The Palo Alto electric car company said it lost $154 million in the first quarter, compared with a loss of $49.8 million a year earlier. First-quarter revenue rose 51% to nearly $940 million.
Tesla's results were also dragged down from $22 million in mostly unrealized losses from revaluation of its foreign currency holdings because of the strong dollar.
The company continued to offer a rosy outlook for the second quarter, however. It expects to produce about 12,500 vehicles, roughly a 12% gain from the previous quarter, and is on track to deliver 55,000 Model S and Model X vehicles this year.
The Model S is its luxury sedan and flagship model, which typically sells for about $100,000. It plans to start deliveries of the Model X electric sport utility vehicle, expected to have a similar price, late in the third quarter.
"There are huge advance orders for the X and we see a steady climb in demand for the Model S," said
Selling government-awarded environmental credits continues to be a steady source of revenue for the automaker. It sold an additional $66 million worth of credits during the first quarter, including $51 million of special California zero-emission vehicle credits.
Other automakers purchase the credits to meet the state's environmental regulations. Tesla's total take from selling the credits now amounts to more than $500 million.
Despite the quarterly loss, analysts said Tesla was making progress ramping up its car production and designing future models, including the Model X and the Model 3, a smaller, less expensive electric car that Musk said would hit the market in 2017.
Shares in the company rose 2% to $235 in after-market trading. Tesla released its report after the close of the stock market Wednesday afternoon.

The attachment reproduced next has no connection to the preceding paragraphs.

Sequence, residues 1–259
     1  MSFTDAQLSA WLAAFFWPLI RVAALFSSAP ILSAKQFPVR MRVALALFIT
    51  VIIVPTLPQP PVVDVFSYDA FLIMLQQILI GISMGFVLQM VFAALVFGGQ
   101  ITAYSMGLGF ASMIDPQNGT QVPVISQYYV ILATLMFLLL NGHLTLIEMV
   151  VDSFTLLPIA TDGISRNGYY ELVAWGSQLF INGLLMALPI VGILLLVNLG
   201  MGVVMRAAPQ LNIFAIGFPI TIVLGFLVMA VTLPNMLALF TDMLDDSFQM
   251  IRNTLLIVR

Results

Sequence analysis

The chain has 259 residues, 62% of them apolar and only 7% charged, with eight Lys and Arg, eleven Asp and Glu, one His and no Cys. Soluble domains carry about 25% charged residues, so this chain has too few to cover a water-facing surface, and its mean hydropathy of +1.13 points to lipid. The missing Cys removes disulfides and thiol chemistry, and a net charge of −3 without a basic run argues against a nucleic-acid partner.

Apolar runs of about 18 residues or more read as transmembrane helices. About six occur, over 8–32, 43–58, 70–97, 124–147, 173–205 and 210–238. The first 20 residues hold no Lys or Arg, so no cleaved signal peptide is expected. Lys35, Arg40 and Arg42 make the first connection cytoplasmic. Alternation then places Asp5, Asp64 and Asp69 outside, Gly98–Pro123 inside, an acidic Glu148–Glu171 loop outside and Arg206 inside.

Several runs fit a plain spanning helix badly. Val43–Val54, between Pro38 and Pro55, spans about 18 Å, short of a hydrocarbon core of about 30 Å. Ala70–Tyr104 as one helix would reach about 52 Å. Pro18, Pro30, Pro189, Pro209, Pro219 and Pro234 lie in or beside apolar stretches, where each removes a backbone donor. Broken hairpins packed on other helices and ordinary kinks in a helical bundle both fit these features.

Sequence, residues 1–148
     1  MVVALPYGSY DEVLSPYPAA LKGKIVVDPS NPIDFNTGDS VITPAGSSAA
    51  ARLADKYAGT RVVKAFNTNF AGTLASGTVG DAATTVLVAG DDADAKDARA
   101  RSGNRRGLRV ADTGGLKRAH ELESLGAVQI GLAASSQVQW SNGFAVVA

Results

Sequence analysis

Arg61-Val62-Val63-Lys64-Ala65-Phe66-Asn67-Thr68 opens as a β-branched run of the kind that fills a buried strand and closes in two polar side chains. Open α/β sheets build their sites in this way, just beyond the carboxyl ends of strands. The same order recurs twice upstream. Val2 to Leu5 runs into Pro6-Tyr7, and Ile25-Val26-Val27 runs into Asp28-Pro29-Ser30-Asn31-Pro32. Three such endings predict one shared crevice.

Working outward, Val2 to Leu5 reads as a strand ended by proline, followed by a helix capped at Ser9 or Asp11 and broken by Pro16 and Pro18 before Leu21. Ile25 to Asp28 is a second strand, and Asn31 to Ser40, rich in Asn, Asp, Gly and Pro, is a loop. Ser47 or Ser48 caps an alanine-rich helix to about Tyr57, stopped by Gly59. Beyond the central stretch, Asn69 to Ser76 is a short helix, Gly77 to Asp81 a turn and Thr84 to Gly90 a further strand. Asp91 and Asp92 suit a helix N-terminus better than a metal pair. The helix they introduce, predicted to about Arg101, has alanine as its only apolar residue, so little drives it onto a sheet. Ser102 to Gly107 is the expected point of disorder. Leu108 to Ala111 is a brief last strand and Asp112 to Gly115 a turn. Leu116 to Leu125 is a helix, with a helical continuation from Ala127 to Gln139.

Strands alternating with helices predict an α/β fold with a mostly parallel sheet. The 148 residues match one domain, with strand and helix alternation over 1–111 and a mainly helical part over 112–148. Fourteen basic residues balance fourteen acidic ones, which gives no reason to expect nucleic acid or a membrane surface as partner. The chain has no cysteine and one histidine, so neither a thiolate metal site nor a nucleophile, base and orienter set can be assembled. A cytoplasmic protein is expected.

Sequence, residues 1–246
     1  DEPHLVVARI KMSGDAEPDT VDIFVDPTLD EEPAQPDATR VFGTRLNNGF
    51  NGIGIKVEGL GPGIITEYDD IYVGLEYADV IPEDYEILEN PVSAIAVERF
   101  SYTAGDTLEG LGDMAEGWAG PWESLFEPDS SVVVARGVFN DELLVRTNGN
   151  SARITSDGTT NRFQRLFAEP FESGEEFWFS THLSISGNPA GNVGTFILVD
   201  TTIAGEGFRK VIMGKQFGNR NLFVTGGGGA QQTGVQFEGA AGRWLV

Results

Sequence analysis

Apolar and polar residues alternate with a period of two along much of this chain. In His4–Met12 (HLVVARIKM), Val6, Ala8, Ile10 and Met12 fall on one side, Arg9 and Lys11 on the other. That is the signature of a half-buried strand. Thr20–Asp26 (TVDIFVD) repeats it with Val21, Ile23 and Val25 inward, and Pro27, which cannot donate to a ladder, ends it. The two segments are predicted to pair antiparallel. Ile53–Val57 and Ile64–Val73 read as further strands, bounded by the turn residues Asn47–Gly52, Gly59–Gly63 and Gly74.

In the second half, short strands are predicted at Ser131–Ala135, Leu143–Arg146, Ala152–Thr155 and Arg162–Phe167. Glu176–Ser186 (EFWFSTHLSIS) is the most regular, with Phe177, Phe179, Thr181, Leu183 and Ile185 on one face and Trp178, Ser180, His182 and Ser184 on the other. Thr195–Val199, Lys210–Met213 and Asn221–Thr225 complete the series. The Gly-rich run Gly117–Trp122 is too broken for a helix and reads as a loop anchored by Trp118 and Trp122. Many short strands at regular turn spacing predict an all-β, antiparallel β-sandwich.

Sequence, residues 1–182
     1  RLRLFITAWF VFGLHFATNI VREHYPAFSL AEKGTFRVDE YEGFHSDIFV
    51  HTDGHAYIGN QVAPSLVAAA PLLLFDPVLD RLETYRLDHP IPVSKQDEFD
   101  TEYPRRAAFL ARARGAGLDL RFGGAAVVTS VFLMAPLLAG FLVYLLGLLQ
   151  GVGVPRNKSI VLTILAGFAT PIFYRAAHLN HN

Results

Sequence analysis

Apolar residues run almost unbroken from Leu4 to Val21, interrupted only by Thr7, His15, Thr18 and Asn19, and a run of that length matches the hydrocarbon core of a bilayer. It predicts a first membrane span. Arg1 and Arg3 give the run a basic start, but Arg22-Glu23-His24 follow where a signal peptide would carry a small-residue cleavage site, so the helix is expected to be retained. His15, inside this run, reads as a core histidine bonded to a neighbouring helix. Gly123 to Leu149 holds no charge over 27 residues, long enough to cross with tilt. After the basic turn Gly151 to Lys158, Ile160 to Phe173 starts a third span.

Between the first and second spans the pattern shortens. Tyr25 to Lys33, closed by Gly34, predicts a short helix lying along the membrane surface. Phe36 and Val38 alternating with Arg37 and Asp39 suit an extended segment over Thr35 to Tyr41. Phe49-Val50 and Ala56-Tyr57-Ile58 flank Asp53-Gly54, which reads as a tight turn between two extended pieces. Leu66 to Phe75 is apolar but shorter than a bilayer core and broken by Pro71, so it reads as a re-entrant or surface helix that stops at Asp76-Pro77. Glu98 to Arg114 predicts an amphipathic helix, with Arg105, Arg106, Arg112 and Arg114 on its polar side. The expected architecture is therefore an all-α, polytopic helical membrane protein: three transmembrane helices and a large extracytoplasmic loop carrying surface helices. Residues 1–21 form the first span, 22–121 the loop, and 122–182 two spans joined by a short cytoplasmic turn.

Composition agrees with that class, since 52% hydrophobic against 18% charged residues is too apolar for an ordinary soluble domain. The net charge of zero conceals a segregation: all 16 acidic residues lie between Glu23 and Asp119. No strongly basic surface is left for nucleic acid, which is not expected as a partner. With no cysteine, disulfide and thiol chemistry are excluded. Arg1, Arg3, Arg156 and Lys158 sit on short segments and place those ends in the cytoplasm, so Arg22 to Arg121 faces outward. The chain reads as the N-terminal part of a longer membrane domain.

The shares rose because Tesla's total loss was lower under a different accounting rubric preferred by the company and some analysts, said Dan Dolev, an analyst with Jefferies Equity Research.
Using so-called non-GAAP accounting, Tesla posted a first-quarter loss of $45.2 million, compared with a profit of $17 million a year earlier. Those figures include deferred profits on leased cars and exclude certain non-cash expenses, such as stock-based compensation.
"You buy this stock on the expectation they will be making a lot of money in the future," Dolev said. "You don't buy on whether they are making money in this particular quarter."
Tesla's financial report indicated that demand for its cars is strong, deliveries were greater than the company had previously estimated, revenue is growing quickly and it has slashed the amount of labor hours per car by 20%, he said.
"This is like making a bet on
Others were more cautious in their assessment, in part because Tesla's cash reserves plunged to $1.5 billion in the first quarter from nearly $2.4 billion a year earlier.
"The company is burning through its cash reserves, and it's never been profitable," said Karl Brauer, an analyst with auto information company Kelley Blue Book.
He noted that the money pouring into the giant battery factory and the plan Tesla announced last week to dive into the energy storage business would take time to make a return on investment.
And the Model 3, which will sell for about $35,000, is still years away.
"Does the company risk running out of money before these long-term projects pay off?" Brauer asked.